The number of birds that feed on insects such as beetles and caterpillars declined significantly in Europe over the course of 25 years, a study has found.
On average, there was a 13 percent decrease in the number of insect-eating birds in Europe between 1990 and 2015, according to a scientific paper published in March in the journal Conservation Biology.
The decline reflects a trend in the fall of the insect population. But the study's authors also attributed it to the loss of grasslands and the conversion of land for agricultural uses.
"It is probably a mixture of many things: Loss of insects and thus lack of food, loss of hedges and thus breeding grounds, the sealing off of land," said Katrin Boehning-Gaese, one of the study's authors.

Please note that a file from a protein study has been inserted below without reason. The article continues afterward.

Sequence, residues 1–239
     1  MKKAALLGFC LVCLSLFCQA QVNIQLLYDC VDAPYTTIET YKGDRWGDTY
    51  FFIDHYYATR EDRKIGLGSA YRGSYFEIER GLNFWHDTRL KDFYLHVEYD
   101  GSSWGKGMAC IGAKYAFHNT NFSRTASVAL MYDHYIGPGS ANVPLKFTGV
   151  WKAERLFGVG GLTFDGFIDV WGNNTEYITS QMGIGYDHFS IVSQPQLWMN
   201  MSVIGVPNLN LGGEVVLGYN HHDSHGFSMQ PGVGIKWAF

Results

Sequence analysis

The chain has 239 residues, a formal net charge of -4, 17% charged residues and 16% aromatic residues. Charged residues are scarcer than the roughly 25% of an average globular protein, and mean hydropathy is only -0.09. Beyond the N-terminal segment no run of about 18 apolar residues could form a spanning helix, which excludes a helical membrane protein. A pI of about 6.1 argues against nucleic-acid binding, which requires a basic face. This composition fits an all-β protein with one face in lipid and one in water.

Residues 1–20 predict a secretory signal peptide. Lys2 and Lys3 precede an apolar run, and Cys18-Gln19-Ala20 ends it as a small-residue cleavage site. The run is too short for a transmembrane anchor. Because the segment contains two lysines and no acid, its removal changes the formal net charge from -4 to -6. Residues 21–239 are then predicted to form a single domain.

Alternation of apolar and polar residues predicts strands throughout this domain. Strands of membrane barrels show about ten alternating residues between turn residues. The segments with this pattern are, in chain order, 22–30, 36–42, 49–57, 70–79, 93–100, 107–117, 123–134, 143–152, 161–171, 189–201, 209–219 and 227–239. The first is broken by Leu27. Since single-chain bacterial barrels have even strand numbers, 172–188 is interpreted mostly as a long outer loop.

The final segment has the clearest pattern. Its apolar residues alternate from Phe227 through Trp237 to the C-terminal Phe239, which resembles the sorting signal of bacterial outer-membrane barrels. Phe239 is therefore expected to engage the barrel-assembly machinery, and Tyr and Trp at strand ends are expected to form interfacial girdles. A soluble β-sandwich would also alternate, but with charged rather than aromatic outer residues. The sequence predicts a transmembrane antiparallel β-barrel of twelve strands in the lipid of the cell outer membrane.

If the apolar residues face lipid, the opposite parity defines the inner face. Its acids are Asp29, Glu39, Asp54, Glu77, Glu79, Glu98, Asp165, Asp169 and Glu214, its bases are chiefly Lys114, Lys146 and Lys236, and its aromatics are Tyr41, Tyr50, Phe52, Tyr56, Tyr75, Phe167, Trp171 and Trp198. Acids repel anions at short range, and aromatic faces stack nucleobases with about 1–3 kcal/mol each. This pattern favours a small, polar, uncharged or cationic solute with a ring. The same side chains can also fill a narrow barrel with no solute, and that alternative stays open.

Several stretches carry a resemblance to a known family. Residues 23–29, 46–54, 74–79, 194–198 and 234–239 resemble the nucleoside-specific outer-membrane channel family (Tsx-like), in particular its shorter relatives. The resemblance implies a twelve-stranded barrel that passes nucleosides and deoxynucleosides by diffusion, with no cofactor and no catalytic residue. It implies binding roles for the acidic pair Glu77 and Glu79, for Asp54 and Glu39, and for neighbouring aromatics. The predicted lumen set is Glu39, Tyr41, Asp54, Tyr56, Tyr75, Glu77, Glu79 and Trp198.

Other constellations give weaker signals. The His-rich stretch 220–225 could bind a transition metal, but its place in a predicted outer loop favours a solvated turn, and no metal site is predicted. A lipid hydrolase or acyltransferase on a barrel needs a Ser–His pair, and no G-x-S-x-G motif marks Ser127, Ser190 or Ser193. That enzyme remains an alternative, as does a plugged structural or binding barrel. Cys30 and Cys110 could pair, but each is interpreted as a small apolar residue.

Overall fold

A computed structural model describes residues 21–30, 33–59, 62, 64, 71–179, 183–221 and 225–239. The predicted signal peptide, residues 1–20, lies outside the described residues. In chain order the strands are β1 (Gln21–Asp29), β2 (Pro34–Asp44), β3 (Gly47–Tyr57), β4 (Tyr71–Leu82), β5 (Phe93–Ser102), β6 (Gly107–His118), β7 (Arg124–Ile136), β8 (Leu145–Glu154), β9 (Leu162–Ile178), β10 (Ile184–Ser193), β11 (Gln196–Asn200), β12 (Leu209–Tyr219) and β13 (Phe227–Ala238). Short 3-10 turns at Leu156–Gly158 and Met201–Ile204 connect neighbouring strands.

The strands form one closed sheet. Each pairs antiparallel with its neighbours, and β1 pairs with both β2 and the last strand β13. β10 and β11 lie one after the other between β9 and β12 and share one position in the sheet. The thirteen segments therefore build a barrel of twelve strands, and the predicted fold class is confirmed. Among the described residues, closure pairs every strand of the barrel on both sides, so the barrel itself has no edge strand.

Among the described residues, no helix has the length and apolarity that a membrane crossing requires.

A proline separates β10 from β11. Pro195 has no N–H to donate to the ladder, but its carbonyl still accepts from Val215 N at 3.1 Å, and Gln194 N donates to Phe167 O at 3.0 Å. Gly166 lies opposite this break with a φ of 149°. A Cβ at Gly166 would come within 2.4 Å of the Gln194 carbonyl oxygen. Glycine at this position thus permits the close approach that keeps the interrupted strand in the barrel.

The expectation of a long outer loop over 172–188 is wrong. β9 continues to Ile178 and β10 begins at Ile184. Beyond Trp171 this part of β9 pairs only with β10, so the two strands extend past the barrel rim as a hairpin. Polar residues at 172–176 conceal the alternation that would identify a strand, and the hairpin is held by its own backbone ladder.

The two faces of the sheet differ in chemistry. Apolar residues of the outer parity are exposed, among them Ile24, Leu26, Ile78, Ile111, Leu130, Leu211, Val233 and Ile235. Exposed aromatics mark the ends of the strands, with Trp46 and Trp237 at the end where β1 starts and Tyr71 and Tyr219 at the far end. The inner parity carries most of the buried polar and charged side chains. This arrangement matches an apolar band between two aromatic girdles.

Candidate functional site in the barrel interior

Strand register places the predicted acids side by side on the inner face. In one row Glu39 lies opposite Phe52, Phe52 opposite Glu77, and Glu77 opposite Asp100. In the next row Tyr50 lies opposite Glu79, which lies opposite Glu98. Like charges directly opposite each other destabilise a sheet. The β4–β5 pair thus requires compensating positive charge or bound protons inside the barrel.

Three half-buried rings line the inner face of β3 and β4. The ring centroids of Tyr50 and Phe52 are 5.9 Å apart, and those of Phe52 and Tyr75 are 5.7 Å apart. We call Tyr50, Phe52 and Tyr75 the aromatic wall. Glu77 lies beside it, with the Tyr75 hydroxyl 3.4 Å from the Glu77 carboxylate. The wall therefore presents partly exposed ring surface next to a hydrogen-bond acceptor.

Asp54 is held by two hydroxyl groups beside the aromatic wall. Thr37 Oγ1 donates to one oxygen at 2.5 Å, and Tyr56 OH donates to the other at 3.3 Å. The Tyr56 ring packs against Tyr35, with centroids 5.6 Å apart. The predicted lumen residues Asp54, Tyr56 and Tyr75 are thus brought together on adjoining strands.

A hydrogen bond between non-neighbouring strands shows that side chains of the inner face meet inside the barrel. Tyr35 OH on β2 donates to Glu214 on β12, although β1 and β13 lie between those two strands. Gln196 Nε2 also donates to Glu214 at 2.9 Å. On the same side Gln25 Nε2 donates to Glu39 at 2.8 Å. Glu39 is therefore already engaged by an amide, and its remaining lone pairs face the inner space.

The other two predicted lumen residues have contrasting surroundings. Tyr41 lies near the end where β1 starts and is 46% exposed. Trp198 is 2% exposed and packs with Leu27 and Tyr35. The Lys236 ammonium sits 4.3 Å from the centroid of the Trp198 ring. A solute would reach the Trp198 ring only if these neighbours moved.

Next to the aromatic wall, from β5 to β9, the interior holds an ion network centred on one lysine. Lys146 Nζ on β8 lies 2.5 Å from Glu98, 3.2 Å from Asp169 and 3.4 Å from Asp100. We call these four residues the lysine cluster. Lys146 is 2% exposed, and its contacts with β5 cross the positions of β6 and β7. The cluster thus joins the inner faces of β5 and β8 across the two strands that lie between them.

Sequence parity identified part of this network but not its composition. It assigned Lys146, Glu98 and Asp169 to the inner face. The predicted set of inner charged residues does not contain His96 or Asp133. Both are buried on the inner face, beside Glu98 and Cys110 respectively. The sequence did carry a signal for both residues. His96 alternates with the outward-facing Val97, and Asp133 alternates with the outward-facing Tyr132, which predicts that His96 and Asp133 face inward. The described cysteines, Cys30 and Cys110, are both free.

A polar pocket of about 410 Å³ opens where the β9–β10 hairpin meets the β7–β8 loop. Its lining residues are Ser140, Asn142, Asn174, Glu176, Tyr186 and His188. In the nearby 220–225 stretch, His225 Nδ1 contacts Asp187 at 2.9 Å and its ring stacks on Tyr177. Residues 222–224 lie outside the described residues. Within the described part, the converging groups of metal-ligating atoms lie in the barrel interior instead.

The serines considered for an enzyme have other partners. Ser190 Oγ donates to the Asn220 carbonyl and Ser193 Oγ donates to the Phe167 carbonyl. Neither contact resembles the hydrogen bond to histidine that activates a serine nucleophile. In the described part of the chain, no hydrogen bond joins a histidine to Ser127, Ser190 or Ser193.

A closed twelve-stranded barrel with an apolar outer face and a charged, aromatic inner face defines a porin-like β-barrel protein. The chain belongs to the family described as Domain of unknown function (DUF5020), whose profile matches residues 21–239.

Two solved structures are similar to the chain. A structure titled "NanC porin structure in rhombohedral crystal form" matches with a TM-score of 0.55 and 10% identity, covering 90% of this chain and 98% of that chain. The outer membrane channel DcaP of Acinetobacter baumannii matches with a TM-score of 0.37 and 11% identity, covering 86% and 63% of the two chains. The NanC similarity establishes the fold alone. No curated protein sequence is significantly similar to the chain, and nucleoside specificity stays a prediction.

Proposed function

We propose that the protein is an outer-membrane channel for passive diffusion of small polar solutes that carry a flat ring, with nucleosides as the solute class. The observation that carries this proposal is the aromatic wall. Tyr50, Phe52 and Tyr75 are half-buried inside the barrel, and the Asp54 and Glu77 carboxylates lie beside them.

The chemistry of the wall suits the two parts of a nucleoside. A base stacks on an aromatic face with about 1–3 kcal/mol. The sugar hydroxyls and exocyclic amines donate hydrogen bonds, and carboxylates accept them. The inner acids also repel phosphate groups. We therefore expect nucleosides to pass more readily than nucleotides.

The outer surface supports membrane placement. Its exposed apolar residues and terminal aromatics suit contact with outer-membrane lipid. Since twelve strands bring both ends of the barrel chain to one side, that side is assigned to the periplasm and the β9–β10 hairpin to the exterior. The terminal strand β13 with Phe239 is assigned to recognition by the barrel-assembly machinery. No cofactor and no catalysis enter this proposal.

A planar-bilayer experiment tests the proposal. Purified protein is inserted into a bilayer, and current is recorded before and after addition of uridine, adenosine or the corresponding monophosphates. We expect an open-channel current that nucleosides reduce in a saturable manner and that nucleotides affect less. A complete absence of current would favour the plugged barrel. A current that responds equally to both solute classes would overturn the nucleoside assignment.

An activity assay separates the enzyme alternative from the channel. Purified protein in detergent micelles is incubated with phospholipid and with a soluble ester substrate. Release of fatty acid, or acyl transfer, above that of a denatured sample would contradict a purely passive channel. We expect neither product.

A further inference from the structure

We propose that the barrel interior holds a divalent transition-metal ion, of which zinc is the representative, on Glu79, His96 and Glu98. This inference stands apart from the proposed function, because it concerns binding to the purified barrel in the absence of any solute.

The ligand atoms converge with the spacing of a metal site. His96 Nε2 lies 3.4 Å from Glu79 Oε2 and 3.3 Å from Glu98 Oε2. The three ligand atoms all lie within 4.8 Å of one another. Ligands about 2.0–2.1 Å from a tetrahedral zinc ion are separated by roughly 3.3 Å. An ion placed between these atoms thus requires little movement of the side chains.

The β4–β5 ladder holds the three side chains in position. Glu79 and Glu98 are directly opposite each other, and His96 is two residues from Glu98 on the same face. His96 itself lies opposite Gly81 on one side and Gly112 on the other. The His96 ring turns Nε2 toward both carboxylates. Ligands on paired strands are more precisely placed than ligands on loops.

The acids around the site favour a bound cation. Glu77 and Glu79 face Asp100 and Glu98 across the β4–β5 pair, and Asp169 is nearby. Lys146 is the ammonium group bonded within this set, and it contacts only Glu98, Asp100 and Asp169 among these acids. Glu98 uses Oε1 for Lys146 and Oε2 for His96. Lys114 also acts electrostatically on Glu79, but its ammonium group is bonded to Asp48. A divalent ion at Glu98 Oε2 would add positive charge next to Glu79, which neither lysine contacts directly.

Around half of all bird species in Europe feed on insects. Omnivorous birds have not seen a similar population decline.
The study found that the insectivores do not fare equally badly everywhere. Many of the species had stable populations, especially ones that were adaptable to a range of different habits and conditions.
In addition to the Boehning-Gaese, the other authors are Diana E. Bowler, Henning Heldbjerg, Anthony D. Fox and Maaike de Jong. The researchers are associated with the Senckenberg Biodiversity and Climate Research Center and the German Centre for Integrative Biodiversity Research.